There are a number of methods that inhibit ethylene for the preservation of fruits and vegetables. 1-Methylcyclopropene (1-MCP) is an innovative AP agent for this purpose. 1-MCP is a gas at room temperature and pressure. It has been continually attracting research/commercial interest because of its effective, environmental, and non-toxic inhibition of ethylene perception at extremely low concentrations (Sisler 2006). The product was approved by the United States Environmental Protection Agency (EPA) in 1999 for ornamentals and is sold under the trade name EthylBloc (Blankenship and Dole 2003).

Paper packaging products are popular in our daily life, because they are cost- effective; in addition, paper products are green in view of their natural sourcing and easy recyclability (Liu et al. 2012; Zaman et al. 2012). Cellulose paper can also be chemically modified through the functional groups, such as the hydroxyl groups in the glucose units to expand their applications. Paper products are currently used for shipping, packaging, and wrapping/decoration for fruits/vegetables in the retail market, as shown in Fig. 1. Some of these paper products may be paraffined to avoid the high humidity environment, which is critical for their applications. Unlike plastics, such as polyethylene (PE) and polystyrene products, packaging made from paper provides a good airflow and prevents products from drying out. As noted by Tutus et al. (2016), paper-based products are suitable for packaging of various goods. Low- cost production and high- strength packaging papers are of practical importance.

Fig. 1. Cellulosic paper products for fruit/vegetable packaging

Paper packages can offer further enhancements for fruit preservation if the paper has been modified with antimicrobial agents or other functional active substances. Elamin (2015) investigated the effect of using potassium permanganate absorbed in paper on the quality and shelf-life of banana and found a delay in the fruit ripening and an extension of the shelf-life of banana fruits (Elamin 2015). Arfa et al. (2007) designed an antimicrobial paper based on soy protein isolates or modified starch coating, including carvacrol and cinnamaldehyde, and the results showed that the coated papers showed antimicrobial properties against the bacterium E. coli and the mold Botrytis cinerea (Ben Arfa et al. 2007). Surface applications of active ingredients to impart antimicrobial property to paper products have been a popular subject in the recent literature (Ziaee et al. 2014; Liu et al. 2015; Liu et al. 2016).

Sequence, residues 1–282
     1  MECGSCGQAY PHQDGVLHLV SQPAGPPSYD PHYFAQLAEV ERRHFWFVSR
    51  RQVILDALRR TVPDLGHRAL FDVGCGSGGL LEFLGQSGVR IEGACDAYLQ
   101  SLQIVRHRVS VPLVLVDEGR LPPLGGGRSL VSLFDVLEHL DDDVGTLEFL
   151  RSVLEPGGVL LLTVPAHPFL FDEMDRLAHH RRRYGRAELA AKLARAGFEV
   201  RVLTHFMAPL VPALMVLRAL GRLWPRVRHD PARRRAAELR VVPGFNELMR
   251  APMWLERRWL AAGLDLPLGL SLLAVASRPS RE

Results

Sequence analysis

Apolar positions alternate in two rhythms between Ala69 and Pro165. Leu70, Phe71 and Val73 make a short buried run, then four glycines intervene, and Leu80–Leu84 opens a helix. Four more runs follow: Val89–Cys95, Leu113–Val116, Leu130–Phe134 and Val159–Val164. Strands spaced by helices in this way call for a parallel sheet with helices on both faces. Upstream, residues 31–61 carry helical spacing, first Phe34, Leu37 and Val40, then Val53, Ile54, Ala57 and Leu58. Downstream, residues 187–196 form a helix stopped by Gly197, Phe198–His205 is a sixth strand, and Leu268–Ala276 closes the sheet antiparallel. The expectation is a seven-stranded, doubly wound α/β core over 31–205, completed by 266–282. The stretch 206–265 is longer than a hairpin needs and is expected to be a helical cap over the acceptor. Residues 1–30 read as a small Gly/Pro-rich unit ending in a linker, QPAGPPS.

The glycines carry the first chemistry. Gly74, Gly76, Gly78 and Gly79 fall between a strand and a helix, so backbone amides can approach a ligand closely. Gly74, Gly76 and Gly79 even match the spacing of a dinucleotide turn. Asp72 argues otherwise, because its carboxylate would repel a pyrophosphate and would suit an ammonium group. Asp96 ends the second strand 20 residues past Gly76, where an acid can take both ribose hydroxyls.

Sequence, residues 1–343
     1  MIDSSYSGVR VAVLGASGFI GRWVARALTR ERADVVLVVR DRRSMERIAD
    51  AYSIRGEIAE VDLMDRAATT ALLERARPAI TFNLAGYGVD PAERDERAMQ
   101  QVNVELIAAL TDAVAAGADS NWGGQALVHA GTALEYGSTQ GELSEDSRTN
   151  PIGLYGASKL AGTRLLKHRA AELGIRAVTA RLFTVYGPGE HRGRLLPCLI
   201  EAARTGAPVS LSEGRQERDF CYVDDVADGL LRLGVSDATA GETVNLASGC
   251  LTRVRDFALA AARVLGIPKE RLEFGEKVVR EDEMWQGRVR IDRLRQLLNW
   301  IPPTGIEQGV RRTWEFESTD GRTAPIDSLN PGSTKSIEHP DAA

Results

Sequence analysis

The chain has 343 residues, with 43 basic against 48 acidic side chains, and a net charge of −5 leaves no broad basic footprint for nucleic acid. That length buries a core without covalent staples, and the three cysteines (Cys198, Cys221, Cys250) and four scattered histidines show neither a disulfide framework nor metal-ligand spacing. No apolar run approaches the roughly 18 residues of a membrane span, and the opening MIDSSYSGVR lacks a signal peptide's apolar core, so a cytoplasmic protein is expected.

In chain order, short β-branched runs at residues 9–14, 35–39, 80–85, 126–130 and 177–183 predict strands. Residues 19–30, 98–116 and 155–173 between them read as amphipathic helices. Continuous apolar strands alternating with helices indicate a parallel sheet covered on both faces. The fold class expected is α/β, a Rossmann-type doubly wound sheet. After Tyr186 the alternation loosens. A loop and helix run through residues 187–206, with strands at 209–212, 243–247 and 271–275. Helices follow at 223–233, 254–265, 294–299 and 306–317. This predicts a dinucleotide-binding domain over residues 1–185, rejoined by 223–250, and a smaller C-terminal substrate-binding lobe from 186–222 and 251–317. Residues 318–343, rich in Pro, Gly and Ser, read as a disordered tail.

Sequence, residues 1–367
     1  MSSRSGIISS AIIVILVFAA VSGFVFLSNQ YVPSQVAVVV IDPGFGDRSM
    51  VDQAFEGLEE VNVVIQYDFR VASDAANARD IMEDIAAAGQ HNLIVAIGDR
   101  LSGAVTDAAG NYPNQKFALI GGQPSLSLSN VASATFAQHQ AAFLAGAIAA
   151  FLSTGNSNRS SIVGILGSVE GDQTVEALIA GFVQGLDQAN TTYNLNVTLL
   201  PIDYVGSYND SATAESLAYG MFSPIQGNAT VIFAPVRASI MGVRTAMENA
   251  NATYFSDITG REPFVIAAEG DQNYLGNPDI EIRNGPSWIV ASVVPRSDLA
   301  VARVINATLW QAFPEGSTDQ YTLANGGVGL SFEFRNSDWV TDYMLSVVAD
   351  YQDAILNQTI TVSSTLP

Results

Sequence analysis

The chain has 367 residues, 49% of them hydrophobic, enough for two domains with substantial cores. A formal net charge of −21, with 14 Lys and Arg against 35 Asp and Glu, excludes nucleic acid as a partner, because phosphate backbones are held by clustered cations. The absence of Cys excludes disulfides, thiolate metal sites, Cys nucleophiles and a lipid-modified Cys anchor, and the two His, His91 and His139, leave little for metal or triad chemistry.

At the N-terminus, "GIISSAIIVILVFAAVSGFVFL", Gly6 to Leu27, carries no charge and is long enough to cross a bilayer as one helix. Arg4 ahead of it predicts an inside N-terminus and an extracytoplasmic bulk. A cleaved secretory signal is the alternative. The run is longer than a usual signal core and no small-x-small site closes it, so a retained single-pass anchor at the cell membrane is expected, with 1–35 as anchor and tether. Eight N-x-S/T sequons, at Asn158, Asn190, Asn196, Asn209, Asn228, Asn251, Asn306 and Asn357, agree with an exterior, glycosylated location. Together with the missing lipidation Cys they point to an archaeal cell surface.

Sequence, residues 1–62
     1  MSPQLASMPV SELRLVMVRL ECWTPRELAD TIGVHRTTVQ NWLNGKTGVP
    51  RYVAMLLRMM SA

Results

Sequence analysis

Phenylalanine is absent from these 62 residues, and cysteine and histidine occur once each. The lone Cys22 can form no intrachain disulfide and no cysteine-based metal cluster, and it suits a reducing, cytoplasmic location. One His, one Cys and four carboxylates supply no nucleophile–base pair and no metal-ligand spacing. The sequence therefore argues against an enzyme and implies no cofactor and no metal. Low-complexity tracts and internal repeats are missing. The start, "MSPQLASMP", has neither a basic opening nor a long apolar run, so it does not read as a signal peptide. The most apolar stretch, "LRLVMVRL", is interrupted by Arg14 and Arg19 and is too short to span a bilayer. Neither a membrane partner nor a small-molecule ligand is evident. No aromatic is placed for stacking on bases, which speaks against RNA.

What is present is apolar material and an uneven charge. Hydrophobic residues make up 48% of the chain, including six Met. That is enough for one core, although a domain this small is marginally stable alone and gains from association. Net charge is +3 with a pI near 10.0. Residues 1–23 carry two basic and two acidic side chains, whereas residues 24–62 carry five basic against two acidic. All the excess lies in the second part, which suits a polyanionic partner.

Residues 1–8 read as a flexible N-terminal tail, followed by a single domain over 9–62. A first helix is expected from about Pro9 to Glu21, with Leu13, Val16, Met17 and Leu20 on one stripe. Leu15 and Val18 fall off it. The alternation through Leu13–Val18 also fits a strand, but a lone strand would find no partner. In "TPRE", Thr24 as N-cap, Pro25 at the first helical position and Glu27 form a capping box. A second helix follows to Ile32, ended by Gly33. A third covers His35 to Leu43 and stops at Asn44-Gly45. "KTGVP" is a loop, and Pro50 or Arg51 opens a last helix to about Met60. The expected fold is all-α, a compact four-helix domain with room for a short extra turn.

Guillaume et al. (2010) revealed that wheat gluten-coated paper was very effective to improve the shelf-life of mushrooms (Guillaume et al. 2010). Anca et al. (2016) investigated the microbiological and chemical characteristics of white bread during storage in paper-packages modified with Ag/TiO2-SiO2, which showed that the shelf life of bread can be extended by two additional days as compared with the control (unmodified paper-package) (Peter et al. 2016).

However, growing concern over the use of chemical fungicides on horticultural products, may limit the use of the above-mentioned chemicals, because of their potential hazards on human health and the emergence of pathogen resistance to fungicides.


Paper packaging containing 1-MCP would serve well for the purpose of fruit preservation. Neoh et al. (2010) studied the dissociation of a crystalline complex of α-cyclodextrin (α-CD) and 1-MCP in response to the stepwise rising of relative humidity (RH) at 50 °C. The increase in relative humidity generally triggered the complex dissociation (Neoh et al. 2010). The typical real time dissociation profile of a 1-MCP complex subjected to stepwise increases in RH is shown in Fig. 2. The relative humidity corresponded to the dissociation of a crystalline complex of α-CD and 1-MCP owing to the collapse of the crystalline structure.


Fig. 2. Moisture induced release of 1- MCP from 1-MCP/α-CD complex, as a function of time and humidity (Neoh et al. 2010)

Fig. 3. Schematic of 1-MCP-containing paper packaging for fruit/vegetable preservation;

(a) 1-MCP will be gradually released upon the adsorption of moisture from air or fruit respiration process, and (b) 1-MCP, instead of ethylene, occupies the receptor site, thus blocking the ethylene-induced fruit ripening process

One method for utilizing 1-MCP for fruit preservation is to load the 1-MCP-containing complex particles onto the paper. The working mechanism is that when using the encapsulated 1-MCP paper products during transportation, and retail market, 1-MCP will be gradually released upon the adsorption of water that comes from the respiration of the fruits and/or air in the surroundings. The released 1-MCP will out-compete ethylene in binding to the receptor sites, thus inhibiting the formation of ethylene receptor complexes. In this way, the ethylene-induced fruit ripening process is blocked. Figure 3 illustrates the schematic of the overall concept.

The cost of such products would be competitive because cellulosic paper is rather cost-effective. These paper products would inherit the intrinsic properties of cellulosic paper, such as flexibility, biocompatibility, lightweight, and recyclability. The products can be made using conventional surface treatment processes, such as a coating that the inclusion complex particles adhere to on the paper surface.

In addition to the green/environmental advantages of using paper products for such applications, the proposed product concept of paper/1-MCP encapsulation composites may have a number of advantages. It would be convenient to bring the 1-MCP containing complex particles onto the surface of the paper using a conventional surface treatment process. It would be easy to adjust the amount of the 1-MCP by changing the amount of the coating applied to the paper substrate. Also, the sustaining and gradual release of 1-MCP would enhance the utilization efficiency of 1-MCP encapsulation (Sisler and Serek 1997; Feng et al. 2000; DeEll et al. 2002).